Rosa Carmina began her artistic career in the Mexican Cinema starring the film A Woman from East (1946), directed by Juan Orol. Rosa had signed a contract to film two more films with Orol. Her second project was Tania, the Beautiful Wild Girl (1947). Her third film made with Orol was Gangster's Kingdom (1947). Both this film and its sequel, Gangsters Versus Cowboys (1948), are now considered cult films in the Gangster film genre, and have an important place in several film libraries around the world. In both films Rosa Carmina plays the femme fatale, the object of the conflict between the male characters in the story, a situation that contributes to elevate to star as one of the most representative sex symbols of the Mexican cinema of the time. In some Orol films the actress played herself. To close the 1940s, Rosa Carmina filmed two more films with Orol: Wild Love (1949) (controversial film based on a story by José G. Cruz, who spoke about a love conflict between a young man and his own uncle) and Cabaret Shangai (1950). Rosa Carmina success in film increases due to her versatility, she soon proved to be a complete vedette, because she not only showed talent for dancing but also singing and acting. In 1951, Rosa Carmina films the trilogy Percal, which consisted of three films: The Poor's Hell, Women Perdition and Men without Soul. This trilogy was based on a popular original comic of José G. Cruz. The success of the comic magazine in the audience was overcome by the film version.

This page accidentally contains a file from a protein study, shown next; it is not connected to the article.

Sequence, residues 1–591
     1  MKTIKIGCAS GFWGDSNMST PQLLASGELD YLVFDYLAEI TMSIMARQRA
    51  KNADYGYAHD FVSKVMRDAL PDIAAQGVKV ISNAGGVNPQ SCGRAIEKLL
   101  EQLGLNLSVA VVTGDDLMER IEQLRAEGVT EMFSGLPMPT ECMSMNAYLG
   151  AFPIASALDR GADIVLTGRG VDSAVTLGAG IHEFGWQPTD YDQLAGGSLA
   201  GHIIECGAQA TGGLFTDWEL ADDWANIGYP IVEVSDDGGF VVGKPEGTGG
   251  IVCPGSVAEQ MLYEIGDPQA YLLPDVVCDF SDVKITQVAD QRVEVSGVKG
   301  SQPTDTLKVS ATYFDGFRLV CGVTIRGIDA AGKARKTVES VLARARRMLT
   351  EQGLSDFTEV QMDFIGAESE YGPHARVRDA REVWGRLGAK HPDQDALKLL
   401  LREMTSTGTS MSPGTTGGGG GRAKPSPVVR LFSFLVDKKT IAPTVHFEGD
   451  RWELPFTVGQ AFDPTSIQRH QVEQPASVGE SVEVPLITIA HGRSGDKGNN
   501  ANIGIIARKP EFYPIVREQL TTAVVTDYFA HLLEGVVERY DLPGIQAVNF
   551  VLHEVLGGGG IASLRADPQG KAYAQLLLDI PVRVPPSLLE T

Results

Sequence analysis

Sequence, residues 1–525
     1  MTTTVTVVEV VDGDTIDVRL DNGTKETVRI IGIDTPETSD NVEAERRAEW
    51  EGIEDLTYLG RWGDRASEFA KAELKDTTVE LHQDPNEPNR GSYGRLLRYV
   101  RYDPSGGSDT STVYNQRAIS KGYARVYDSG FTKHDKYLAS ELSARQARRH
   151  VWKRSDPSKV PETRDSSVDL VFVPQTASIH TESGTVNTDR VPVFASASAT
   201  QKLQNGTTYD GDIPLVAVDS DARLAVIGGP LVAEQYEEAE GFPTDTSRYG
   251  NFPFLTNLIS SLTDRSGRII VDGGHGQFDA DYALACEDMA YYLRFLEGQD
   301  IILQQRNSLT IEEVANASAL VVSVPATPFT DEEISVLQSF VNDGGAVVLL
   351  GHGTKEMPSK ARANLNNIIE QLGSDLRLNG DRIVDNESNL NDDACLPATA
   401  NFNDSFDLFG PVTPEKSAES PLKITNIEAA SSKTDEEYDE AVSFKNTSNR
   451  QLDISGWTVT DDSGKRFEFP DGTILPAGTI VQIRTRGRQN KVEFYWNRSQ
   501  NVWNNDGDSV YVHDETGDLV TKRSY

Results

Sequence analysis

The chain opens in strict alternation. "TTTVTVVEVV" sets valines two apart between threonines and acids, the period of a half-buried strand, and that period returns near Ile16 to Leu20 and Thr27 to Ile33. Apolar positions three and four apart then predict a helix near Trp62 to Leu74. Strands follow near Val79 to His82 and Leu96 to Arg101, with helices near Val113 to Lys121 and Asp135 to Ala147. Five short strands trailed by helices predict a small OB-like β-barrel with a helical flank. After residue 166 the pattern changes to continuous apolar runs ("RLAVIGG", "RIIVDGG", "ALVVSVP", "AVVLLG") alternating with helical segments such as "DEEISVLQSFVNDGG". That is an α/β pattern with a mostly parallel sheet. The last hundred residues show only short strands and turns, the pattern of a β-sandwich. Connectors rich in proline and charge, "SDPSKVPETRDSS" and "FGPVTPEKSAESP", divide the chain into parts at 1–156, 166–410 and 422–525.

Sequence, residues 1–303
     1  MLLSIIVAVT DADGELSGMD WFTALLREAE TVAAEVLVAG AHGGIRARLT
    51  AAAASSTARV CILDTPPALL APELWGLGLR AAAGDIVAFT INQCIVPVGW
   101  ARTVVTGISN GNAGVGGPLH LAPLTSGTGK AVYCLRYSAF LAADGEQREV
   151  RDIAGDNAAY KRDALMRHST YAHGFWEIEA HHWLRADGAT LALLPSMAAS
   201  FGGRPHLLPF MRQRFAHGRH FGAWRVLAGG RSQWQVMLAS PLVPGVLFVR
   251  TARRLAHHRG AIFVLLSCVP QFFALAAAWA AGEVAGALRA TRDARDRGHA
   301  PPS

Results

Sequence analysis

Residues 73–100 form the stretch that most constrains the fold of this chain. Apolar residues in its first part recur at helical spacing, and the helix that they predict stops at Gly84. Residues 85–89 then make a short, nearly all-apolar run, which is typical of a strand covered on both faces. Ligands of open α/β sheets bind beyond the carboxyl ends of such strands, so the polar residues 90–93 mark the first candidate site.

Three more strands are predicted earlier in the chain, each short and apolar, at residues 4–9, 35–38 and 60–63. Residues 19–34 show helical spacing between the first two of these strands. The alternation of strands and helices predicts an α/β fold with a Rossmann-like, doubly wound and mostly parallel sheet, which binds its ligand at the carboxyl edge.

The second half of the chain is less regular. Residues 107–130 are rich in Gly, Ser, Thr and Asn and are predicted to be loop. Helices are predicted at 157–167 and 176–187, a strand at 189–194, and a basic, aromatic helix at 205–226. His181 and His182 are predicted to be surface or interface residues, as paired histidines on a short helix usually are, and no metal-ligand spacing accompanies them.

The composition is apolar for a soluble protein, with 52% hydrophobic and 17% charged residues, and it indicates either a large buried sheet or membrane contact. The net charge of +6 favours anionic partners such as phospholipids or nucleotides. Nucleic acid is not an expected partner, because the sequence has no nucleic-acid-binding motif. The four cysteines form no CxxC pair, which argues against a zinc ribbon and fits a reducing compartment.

Despite being virtually exclusive star of Orol films and his production company (España Sono Films), he gives her the opportunity to film with other producers. After her filmic collaborations with Producciones Rosas Priego and CLASA Films Mundiales, Rosa Carmina rejoins the Orol film team with The Goddess of Tahiti (1953). In 1954, Juan Orol produces and directs in Cuba Sandra, the Woman of Fire (1954). The movie was one of the most important and memorable blockbusters films by Rosa Carmina and Orol. Rosa Carmina continued her filmic collaborations next to Juan Orol in three more films: Crime Syndicate (1954), Under the Fear Influence (1955) and Dangerous Secretary (1955). In total, between 1946 and 1955, the legendary Orol directed her in sixteen films. Despite the peculiar style of cinema Juan Orol, these films help to enrich the myth of Rosa Carmina and give it the undisputed title of Queen of the Gangsters of the Mexican Film noir.
In the mid 1950s, the Rumberas film experienced a decline. Like other exponents of the genre, Rosa Carmina made fewer productions in this genre. In 1956 she filmed the Spanish-Mexican co-production Love Me with Music (1956), directed by Ignacio Iquino. The film was a great success in the Spanish market, making Carmina one of the few Mexican stars to achieve success in Spain. From this point on, Rosa Carmina performed musical numbers only sporadically in her films.